|2021||211,120,929||589,748,355||$0.802 billion||Not disbursed to Forestry Commission|
|2022||212,718,938||650,321,805||ZW$4.41 billion||No disbursement data|
|2023||296,057,664||896,698,361||No disbursement data|
Ministry of Finance and Investment Promotion is responsible for the allocation and disbursement of the funds to the relevant government institutions such as the Forestry Commission, and the Tobacco Research Board, among others.
Efforts to get information on how much was disbursed from the Tobacco Levy that was collected from 2015 to 2023, did not yield any results, as Ministry of Finance did not respond to questions sent to them.
The questions were sent to Ministry of Finance on the 20th of September. When we checked for the response on the 10th of October, they said the inquiry had been forwarded to the relevant department. Since then, Ministry of Finance has been ignoring inquiries.
However, Forestry Commission which is tasked with leading afforestation efforts and should be one of the biggest beneficiaries of the Levy, indicated in its annual report that although the levy was introduced in 2015, it only started receiving disbursements in September of 2019, which is about almost five years later.
In 2019, Forestry Commission received ZW$13 million in tranches of ZW$6 million and ZW$7 million, and ZW$138 million in 2020.
The Forestry Commission of Zimbabwe did not receive disbursement from the Tobacco Levy in 2021 as well, although it had budgeted for about ZW$185 million.
Efforts to check whether there are audits that have been done with regards to the Tobacco Levy, its collection, disbursement and usage did not yield any result as the Office of the Auditor General (OAG), just like ZIMRA and Ministry of Finance did not respond to questions sent to them.
Questions were sent to Office of the Auditor General on the 7th of September. However, they requested that questions be sent to a new email address, which was done on the 19th September, and they acknowledged receipt on the 20th adding that the enquiry had been forwarded to the Acting Auditor General and a response will be provided soon.
A follow up was made on the 3rd of October, on the 4th of October they responded that a response will be given once it is ready, but by the 6th of November the response had not yet been provided.
Forestry Commission of Zimbabwe has generally done its best with the little funds it has received from the Tobacco Levy to embark in afforestation activities.
In an interview, Violet Makoto from Forestry Commission of Zimbabwe indicated that funds disbursed from the Afforestation funds have gone a long way in boosting tree nurseries, but added that the rate of deforestation is much bigger than afforestation efforts.
‘’The rate of cutting trees surpasses the rate of tree planting by far, but tree planting in combination with other forest restorative activities that allow for the natural regeneration of indigenous forests is our strategy and effort to strike a balance between what we are losing and what we are putting back.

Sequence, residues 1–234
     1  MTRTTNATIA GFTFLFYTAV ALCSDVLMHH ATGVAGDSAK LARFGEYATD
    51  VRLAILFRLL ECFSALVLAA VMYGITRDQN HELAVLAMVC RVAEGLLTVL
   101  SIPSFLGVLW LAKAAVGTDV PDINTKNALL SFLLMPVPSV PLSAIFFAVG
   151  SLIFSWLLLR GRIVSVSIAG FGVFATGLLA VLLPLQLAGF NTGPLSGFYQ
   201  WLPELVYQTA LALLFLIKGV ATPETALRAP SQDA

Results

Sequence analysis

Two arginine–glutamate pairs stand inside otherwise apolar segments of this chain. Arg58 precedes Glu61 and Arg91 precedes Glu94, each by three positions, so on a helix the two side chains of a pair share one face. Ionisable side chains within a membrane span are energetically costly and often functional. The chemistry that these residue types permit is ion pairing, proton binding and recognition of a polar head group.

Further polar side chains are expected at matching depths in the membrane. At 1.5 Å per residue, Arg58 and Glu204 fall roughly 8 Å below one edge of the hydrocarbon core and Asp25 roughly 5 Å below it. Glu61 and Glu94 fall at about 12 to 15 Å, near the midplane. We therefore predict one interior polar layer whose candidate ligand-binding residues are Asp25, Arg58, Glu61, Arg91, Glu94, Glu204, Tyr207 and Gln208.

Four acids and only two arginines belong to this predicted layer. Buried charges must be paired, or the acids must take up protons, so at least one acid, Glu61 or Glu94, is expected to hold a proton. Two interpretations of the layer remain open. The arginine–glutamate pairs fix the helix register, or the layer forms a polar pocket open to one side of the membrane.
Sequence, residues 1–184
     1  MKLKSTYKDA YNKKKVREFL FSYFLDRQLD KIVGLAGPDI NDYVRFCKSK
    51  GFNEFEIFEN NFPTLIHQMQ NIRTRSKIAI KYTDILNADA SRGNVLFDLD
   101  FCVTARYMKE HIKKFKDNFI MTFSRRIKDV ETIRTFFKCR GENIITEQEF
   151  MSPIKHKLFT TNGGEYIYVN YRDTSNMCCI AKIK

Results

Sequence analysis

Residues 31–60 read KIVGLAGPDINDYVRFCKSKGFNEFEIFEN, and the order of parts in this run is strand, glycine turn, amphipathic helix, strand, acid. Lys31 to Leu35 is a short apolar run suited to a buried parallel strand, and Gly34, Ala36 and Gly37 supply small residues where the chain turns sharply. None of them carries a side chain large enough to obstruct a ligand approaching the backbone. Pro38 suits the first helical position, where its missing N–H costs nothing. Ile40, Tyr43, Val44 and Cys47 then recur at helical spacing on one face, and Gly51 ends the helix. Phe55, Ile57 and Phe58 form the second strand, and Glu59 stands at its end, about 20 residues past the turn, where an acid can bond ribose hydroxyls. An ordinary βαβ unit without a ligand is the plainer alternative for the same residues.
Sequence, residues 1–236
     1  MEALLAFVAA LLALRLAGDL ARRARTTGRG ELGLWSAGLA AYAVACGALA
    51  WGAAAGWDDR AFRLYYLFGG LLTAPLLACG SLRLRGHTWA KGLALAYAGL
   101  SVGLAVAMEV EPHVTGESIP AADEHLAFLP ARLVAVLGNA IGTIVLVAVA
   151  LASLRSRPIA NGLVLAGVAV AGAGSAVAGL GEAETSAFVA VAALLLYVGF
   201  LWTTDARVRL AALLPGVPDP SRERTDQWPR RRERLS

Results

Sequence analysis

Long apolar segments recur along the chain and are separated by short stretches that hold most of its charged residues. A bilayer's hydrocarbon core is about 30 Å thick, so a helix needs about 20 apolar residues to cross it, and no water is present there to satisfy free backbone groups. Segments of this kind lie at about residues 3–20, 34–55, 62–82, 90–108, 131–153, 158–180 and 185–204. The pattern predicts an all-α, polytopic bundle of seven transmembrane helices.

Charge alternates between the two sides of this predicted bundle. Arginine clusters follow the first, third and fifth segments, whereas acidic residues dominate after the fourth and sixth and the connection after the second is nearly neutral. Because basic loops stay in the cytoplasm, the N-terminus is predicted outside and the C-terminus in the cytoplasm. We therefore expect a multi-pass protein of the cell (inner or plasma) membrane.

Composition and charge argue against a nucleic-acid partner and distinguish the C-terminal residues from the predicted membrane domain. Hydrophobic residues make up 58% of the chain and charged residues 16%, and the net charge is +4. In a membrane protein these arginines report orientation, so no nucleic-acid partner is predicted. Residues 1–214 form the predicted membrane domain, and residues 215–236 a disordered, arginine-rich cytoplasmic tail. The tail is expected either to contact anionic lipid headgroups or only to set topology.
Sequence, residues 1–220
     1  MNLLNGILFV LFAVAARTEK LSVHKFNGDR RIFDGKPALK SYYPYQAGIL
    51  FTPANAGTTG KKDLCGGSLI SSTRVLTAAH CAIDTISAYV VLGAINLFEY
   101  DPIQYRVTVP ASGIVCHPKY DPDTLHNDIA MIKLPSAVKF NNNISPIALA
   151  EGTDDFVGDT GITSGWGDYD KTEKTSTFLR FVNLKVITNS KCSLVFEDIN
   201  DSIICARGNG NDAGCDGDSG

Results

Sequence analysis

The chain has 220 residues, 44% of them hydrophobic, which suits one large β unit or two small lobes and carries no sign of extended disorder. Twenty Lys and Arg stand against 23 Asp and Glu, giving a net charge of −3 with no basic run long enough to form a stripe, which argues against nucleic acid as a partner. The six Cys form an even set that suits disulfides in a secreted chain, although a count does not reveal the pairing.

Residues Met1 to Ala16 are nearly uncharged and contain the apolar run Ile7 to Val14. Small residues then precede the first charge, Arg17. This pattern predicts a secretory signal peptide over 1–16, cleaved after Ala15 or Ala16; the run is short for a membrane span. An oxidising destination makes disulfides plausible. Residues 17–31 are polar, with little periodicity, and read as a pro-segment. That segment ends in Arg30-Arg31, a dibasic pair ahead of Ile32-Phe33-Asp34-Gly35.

‘’The afforestation fund disbursed through treasury has been utilised to boost the nursery base for tree planting programs, in setting up of nurseries to propagate more seedlings to meet demand as well as finance Forestry Commission operations related to seedling production.
‘’This has enabled us to timeously distribute seedlings of fast growing species of trees to farmers so that they establish eucalyptus woodlots to support future wood-fuel requirements for tobacco curing,’’ she said.
The Forestry Commission of Zimbabwe has used part of the money disbursed from the Afforestation Levy (2019, 2020 and 2022) to establish 10 tree nurseries (Manicaland 3, Mashonaland East 3, Mashonaland Central 2, and Mashonaland West 2).
Each of the 10 nurseries has a capacity to produce approximately 1 million seedlings for the afforestation and reforestation programs that the commission is running.
The tree seedlings are given out for free, to farmers who work with Forestry Extension Officers providing the necessary extension services. Farmers are registered either as individual farmers or as groups for community woodlots.
Conclusion: Will the Forests Recover from tobacco?
Considering the amount of deforestation that is happening in the country, the introduction of the Tobacco Levy is a positive step in the right direction. However, failure by the ministry of finance to disburse the funds is worrisome, as it defeats the justification for the introduction of the fund in the first place.
Failure to disburse the funds to the relevant institutions such as Forestry Commission from 2015 to 2018, and 2021 has allowed the rate of deforestation to surpass restorative efforts.
There is need by the Ministry of Finance to explain why the Tobacco Levy was not disbursed from 2015 to 2018 and also in 2021 and also highlight what the money was used for otherwise it will be difficult to justify the existence of the levy (Tobacco Levy) when the trees are not growing at the same rate with deforestation.-(Produced with support from ZELA)